Esper noted the Russians were “clearly […] trying to expand their strategic nuclear arsenal […] to deal with the United States.”

“And so, as people talk about a New Strategic Arms Reduction Treaty — that’s why we say, look, if there’s going to be an extension of New START, then we need to make sure we include all of these new weapons that […] Russia is pursuing,” he stressed.

Russian President Vladimir Putin has warned his country would develop short- and intermediate-range land-launched nuclear missiles if it got word the United States had started building such weapons.

“Right now,” Esper said, “Russia has possible nuclear-tipped […] INF-range cruise missiles facing [Europe] — that’s not a good thing.”

When it came to Russian hacking, Esper said the U.S. will see “continued malign Russian cyber activity.”

“We will see North Korean cyber activity and Chinese cyber activity,” he went on. “But I will say, we built exquisite capabilities ourselves under Cyber Command. And I think it’s one of the reasons why, between our capabilities and between the authorities granted to us by President Trump in the last year or so, we had little problems with 2018 elections.”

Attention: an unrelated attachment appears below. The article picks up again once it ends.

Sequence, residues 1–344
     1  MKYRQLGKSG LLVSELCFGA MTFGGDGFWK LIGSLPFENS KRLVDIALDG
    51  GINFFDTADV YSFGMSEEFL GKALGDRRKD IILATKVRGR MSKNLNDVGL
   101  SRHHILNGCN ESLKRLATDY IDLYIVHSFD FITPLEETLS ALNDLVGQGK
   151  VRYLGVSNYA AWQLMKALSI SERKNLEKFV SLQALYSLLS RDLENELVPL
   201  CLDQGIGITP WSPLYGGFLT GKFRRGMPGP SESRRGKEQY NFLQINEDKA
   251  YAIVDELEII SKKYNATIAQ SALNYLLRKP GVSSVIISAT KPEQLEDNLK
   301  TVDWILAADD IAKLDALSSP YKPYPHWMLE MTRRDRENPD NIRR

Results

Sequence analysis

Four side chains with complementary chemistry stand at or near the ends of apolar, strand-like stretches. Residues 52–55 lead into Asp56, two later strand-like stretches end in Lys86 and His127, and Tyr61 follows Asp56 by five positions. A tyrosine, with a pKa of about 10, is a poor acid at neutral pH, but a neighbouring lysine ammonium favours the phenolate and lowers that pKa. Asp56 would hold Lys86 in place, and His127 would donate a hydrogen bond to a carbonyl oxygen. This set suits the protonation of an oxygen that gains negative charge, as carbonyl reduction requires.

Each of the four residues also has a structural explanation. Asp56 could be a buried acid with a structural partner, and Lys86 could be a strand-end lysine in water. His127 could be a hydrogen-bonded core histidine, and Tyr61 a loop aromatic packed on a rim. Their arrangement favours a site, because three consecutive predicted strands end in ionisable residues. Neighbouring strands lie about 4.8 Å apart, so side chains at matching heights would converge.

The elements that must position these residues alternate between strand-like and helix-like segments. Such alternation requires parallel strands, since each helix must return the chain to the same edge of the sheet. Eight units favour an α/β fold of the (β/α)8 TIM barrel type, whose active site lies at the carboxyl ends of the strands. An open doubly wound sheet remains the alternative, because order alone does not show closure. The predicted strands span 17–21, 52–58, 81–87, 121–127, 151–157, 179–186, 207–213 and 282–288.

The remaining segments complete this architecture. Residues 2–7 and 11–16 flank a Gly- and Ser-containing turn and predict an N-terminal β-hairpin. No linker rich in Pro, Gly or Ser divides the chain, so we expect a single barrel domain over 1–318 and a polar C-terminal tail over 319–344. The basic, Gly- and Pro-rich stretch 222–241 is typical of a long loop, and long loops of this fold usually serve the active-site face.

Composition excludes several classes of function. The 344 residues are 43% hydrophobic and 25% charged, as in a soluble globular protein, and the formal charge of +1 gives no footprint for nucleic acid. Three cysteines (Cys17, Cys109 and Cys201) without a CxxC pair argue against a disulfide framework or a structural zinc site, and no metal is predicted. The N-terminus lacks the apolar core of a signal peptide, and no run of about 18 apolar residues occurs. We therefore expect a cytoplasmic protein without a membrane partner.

“[We] will continue to apply all of our capabilities and all of our authorities to make sure that we — our elections — are protected and that the integrity of our democracy is unquestionable,” Esper noted.

The defense secretary also talked about President Trump’s proposed Space Force, and why it was needed – he pointed to nations like Russia and China, “probably more so China,” which are turning space into a “war-fighting domain.”

“Ten years ago, space was a place — the heavens upon which we looked down upon the Earth and figured out what was going to be the weather in Iowa, or we could survey our adversaries,” he explained.